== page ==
In the centre of the square is the magnificent Shanghai Museum: The exterior design is not necessarily a success (it looks like a bunker, even though the Shanghaiens nicknamed it "the basket"), but the collections, superbly presented, deserve to be spent a few hours.
The first Shanghai Museum was established in 1952 in the galleries of the old international concession field, today the building with a tower tower located behind the opera. The collections were then installed in the Art Deco building, which can still be seen at the corner of Henan Lu and Yan'an Donglu, before being moved to this new museum, specially built for the occasion and opened in 1995.
The current building in a ballot box consists of eleven galleries, partly funded by donations from overseas Chinese. On the ground floor is the sculpture room, a beautiful collection of 127 pieces, most of them being Buddhist sculptures of the Han Dynasty at Tang. The same floor also houses the bronzes gallery, 440 of the most beautiful pieces in the world: wine cuts, weapons, musical instruments of the periods Shang and Zhou (1480-221 BC), as well as the Spring and Autumns (772-481 BC). You can then visit the first floor of the collection of ceramics, which includes nearly 500 pieces, including the celadon of the Song dynasty and terracotta figurines covered with a layer of Polychrome polychrome ceramics. The entire panoply of the famous blue porcelain in Jindezhen ovens, under the Ming and Qing dynasties, is also in good stead. The museum also includes a room dedicated to Jade (third floor), but also to seals, calligraphy, painting (on the second floor), coins, Ming and Qing furniture (a very beautiful room), crafts of ethnic minorities (third floor).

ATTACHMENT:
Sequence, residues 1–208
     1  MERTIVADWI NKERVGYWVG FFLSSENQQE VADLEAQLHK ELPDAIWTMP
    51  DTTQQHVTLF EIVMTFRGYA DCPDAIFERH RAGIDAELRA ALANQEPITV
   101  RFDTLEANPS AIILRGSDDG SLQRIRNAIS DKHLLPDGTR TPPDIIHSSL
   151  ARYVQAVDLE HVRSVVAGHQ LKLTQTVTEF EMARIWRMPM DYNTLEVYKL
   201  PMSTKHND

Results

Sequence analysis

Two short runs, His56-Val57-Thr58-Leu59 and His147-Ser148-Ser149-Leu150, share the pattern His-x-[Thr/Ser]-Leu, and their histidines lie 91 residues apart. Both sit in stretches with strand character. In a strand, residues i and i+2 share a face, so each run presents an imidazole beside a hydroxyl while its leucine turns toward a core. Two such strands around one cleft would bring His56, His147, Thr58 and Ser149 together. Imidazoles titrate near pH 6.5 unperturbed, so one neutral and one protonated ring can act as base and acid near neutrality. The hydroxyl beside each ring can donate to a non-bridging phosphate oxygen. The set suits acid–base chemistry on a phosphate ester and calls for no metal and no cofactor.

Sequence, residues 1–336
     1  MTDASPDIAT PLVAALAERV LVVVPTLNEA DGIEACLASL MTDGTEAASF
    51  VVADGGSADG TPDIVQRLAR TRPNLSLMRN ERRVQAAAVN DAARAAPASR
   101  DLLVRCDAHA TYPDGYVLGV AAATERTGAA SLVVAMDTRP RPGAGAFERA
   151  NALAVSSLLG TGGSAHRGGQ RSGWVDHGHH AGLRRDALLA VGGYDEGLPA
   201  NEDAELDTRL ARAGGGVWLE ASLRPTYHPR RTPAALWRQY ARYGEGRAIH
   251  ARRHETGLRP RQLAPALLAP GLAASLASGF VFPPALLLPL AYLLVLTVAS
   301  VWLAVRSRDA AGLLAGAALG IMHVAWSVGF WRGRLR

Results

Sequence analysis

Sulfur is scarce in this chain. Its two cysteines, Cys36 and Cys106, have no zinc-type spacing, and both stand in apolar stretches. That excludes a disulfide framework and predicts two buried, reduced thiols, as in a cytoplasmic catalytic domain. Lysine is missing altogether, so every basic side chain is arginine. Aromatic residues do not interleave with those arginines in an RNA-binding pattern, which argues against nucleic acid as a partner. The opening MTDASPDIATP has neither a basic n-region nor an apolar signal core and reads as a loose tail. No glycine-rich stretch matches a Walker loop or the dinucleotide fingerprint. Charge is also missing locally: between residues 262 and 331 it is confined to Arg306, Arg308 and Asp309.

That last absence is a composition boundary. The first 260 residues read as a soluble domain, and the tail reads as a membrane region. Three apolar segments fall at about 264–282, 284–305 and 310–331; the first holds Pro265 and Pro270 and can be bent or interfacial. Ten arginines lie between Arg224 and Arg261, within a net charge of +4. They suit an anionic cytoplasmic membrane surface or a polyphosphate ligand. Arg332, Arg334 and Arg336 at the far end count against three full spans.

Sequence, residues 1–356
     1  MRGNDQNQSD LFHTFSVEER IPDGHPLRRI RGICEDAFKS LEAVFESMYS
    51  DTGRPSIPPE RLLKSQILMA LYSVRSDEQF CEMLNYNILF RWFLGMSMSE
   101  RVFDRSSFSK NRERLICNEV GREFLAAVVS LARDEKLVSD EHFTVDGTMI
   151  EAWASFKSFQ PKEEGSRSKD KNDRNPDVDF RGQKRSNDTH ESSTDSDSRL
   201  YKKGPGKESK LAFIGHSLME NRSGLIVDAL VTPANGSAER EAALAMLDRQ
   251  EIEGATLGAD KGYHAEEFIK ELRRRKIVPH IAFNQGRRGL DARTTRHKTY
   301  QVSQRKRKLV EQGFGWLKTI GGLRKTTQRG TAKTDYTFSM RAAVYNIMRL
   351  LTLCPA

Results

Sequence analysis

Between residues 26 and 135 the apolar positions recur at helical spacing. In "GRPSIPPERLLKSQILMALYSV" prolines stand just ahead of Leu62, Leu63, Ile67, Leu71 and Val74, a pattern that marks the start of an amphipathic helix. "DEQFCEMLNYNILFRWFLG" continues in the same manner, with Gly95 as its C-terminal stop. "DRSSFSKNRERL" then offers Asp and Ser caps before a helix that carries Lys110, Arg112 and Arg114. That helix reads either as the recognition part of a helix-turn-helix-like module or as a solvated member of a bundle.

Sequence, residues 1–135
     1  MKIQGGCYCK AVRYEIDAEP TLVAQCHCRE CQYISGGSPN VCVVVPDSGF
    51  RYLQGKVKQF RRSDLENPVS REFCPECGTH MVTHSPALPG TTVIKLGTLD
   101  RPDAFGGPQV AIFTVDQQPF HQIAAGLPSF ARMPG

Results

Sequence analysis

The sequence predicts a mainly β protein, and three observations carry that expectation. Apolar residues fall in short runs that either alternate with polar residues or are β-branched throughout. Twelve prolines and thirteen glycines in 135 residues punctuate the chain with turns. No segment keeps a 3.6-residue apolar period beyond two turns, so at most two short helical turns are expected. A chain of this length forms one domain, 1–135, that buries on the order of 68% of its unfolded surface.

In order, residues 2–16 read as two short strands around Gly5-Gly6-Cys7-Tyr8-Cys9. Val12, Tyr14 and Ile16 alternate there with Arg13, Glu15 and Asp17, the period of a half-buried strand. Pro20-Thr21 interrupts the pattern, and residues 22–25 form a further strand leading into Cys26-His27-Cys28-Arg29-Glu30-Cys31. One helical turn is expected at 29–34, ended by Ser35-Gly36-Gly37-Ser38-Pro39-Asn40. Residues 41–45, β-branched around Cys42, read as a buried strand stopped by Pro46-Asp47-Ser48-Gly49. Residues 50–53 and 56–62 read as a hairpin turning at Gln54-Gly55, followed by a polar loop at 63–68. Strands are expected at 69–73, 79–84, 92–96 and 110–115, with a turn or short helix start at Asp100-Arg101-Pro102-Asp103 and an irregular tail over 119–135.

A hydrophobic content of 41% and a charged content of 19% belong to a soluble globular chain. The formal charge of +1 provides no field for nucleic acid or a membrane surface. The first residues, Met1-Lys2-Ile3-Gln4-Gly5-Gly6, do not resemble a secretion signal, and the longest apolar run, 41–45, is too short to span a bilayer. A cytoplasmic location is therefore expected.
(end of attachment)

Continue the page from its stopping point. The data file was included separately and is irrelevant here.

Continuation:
Three rooms are also dedicated to temporary exhibitions, which are generally of very high quality.
The museum shop on the ground floor offers beautiful catalogues, postcards, but also reproductions of the quality of works. A large tea house opened its doors on the first floor of the museum, in a traditional, soft atmosphere.
The Shanghai Museum is undoubtedly the most beautiful of China, both by the quality of its collections and by its presentation. We are here far from the neon lights of the museums of the capital! Those who are not particularly fascinated by Chinese art will be seduced by these extraordinary collections. As for enthusiasts, they will have to spend long hours exploring this magnificent museum.
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